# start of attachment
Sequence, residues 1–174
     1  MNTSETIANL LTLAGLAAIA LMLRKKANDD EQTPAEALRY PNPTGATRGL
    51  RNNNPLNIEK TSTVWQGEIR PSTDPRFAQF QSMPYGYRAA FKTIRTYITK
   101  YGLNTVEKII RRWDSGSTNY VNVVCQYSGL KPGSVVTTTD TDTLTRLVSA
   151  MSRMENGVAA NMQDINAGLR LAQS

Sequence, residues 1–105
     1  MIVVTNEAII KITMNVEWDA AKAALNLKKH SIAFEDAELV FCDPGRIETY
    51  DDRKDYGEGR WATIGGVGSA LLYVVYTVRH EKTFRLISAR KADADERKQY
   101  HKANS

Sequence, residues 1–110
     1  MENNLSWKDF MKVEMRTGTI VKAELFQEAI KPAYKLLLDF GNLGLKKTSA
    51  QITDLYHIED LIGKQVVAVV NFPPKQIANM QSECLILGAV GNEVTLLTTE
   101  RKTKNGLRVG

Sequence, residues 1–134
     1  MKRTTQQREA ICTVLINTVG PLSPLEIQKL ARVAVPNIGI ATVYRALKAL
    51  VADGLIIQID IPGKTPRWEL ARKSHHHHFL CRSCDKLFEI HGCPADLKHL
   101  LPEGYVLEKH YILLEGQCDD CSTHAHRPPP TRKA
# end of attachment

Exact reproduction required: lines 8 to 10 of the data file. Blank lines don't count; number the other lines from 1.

    51  DDRKDYGEGR WATIGGVGSA LLYVVYTVRH EKTFRLISAR KADADERKQY
   101  HKANS

Sequence, residues 1–110